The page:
Whenever I discuss international trade in a principles course, I like to put the name of a particular product on the board that is “made in” another country. We then discuss where components of that product are made. Location and the complexity of production often result in using an automobile example, but there are certainly other goods where this analysis can be enlightening. I use these examples because the complexity of production and the flow of goods often tell a different story that trade balances and “made in” labels.
With that being said, it was encouraging to see Edmund Conway writing on this very topic in the UK Telegraph:
In my column this morning on manufacturing (Shock news – Britain still makes things) I didn’t have space to mention one other important misconception about manufacturing: that just because something is “made in China” or somewhere else in the emerging world doesn’t necessarily mean that the money from its construction goes to that place alone. This helps explain why, in broad terms, a developed economy does not need a trade surplus (or even a balance) in order to survive.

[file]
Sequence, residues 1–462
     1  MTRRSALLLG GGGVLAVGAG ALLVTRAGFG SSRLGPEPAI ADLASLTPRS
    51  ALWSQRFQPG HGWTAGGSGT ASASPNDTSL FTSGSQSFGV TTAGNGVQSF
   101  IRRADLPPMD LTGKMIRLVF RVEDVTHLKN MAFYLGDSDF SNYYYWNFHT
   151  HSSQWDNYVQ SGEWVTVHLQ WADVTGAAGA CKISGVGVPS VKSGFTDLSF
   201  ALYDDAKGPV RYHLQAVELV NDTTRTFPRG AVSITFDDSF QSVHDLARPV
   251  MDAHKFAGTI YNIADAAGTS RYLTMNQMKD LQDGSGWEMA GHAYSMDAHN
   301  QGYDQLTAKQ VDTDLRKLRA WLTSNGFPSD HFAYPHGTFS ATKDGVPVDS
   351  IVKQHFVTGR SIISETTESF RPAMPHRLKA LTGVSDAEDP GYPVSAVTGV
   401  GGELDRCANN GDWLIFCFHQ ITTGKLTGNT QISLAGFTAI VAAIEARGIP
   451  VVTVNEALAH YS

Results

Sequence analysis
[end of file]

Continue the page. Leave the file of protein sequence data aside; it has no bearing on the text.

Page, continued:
Let’s take the iPod (or the iPhone for that matter) as an example. On the back of it it says “Designed by Apple, Made in China” or words to that effect. What this tells you is who designed it and who put it together. What it doesn’t reveal is the complex economic web that the product represents – that the cash you pay for one of them is scattered to many different countries around the world.
Read the whole thing.